New Year, New List

Pop that champagne, a new year is upon us! With it comes a whole new set of seasonal adventures and opportunities for discovery. The listing slate has been wiped clean, and I’ve got my share of tentative birding resolutions for 2018. With only 59 species to go and an international trip coming up, this may be the year when my world life list reaches 700. I’d love to achieve an annual total of 400 species for the third year in a row, and I’m also aiming to stay highly ranked on eBird in my home state (Top 25) and county (Top 10). The deadlines for these aspirations, however, are 12 whole months away. Right now I’m just excited to get started on my 2018 list. On January 1st, every bird is a new bird!

In contrast with 2016 and 2017, I didn’t have an excuse for intense new year birding in the form of the Southern Nassau Christmas Bird Count. The lack of a formal obligation was never going to stop me, though, and it left me free to make my own plans. After a subdued, relaxing 31st, I stopped to get gas on the way home from Miriam’s. A raucous chorus of honks reached my ears when I opened the car door, and thus Canada Goose earned the number 1 spot on my new year list. Shortly after dawn, I headed down to Jones Beach to try my luck. The biggest surprise of the morning was an American Bittern flying west over the dunes: seeing this furtive creature before encountering even starlings or pigeons was a real treat! I was also pleased to add Snowy Owl to the ranks of the first 10 species for 2018. A number of other expected beach birds rounded out the tally before I headed inland. The day proved to be a bit of a mixed bag moving forward, as I struggled to relocate several rarities that I chased. There was no sign of either King Eider at the jetty, and I repeatedly failed to connect with a Ross’s Goose that kept coming and going from Baisley Pond Park in Queens.

On the other hand, I did have enjoy a nice spot of luck with a lingering Western Tanager at Crocheron Park. The individual at Alley Pond in November had only offered fleeting glimpses and some quiet vocalizations, providing me with a new but somewhat unremarkable checkmark on my New York list. When I drove up to the pond where this bird had been sighted, I found it foraging conspicuously along the street. The tanager picked morsels from the leaf litter and fluttered in place to glean suet that someone had smeared on a nearby wall, lending a welcome splash of color to the winter landscape.

I racked up several familiar forest’s edge birds at Crocheron, and there were some nice waterfowl and a Rusty Blackbird present at Baisley Pond. After hearing that the Townsend’s Solitaire in Oyster Bay had been seen in the morning hours, I decided to survey the scene. The western vagrant was sadly a no-show during my afternoon stakeout, but a young Bald Eagle soaring overhead was a pleasant consolation prize. The Ross’s Goose failed to reappear before sunset on a final visit to its roost site, reminding me that I had missed the species all year in 2017 despite my best efforts. Miriam joined me on an expedition to track it down after positive reports the following weekend informed us that the goose was still loose. Once again, it was gone from the mostly frozen water feature when we arrived, but checking the nearby ball fields on a hunch finally revealed our prize.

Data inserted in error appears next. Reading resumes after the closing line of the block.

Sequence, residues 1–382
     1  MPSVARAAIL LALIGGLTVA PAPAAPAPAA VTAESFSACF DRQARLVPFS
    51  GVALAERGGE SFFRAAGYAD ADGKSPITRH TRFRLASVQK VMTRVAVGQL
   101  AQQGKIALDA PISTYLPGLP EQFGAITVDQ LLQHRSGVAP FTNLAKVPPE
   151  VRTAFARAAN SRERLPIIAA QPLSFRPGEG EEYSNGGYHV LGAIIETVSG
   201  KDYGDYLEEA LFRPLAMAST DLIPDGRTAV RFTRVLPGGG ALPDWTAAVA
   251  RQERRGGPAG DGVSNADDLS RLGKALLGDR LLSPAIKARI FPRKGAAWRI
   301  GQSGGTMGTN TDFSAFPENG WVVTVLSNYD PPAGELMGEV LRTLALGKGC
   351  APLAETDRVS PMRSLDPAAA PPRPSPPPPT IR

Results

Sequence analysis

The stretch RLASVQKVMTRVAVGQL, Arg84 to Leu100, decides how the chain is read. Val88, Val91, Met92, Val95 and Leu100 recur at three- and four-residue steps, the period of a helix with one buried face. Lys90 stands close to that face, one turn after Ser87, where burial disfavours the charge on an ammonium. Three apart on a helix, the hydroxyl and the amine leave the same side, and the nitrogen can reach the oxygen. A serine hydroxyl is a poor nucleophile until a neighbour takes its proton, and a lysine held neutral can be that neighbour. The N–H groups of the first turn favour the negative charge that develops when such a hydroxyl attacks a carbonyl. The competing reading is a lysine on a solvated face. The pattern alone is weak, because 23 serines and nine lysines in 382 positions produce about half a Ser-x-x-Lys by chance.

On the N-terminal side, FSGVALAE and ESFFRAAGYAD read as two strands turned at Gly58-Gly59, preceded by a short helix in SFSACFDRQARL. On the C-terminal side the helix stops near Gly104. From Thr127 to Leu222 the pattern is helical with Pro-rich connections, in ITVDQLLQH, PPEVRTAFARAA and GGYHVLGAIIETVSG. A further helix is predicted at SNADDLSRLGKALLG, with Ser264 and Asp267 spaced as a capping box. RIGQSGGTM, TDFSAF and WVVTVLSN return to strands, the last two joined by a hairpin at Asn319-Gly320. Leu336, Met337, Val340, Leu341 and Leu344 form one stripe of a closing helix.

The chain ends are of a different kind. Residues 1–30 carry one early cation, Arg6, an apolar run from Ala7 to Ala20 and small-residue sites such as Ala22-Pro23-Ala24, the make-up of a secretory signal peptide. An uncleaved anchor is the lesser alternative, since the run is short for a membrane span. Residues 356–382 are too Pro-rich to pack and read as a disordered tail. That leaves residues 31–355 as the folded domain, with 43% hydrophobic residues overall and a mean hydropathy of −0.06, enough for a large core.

Sunday morning was absolutely frigid, but by the time I realized just how cold it was I was already halfway down to the inlet at Jones Beach. I settled the score with the eider flock, picking up the first year King as it bobbed among its commoner relatives. My phone froze and shut down as I attempted to digiscope the duck, which I took as a cue to return to the safety of the car. There were plenty of good birds working the coast, but you have to know when to call it quits!

When I reached Robert Moses, I was surprised to see a pair of Common Ravens floating eastward along the road. The shadowy scavengers touched down in the parking lot at Field 5, strutting over to a pile of food scraps left for the gulls. Ravens are big, but Great Black-backs are bigger. Messing with the world’s largest gull is not an activity to be taken lightly. Fortunately, ravens are resourceful and well-seasoned tricksters, not above using dirty tactics to get what they want. I don’t know that I’d ever seen interaction between these two species before, but I was certainly entertained by the antics of the clever corvids as they jockeyed for position at the buffet.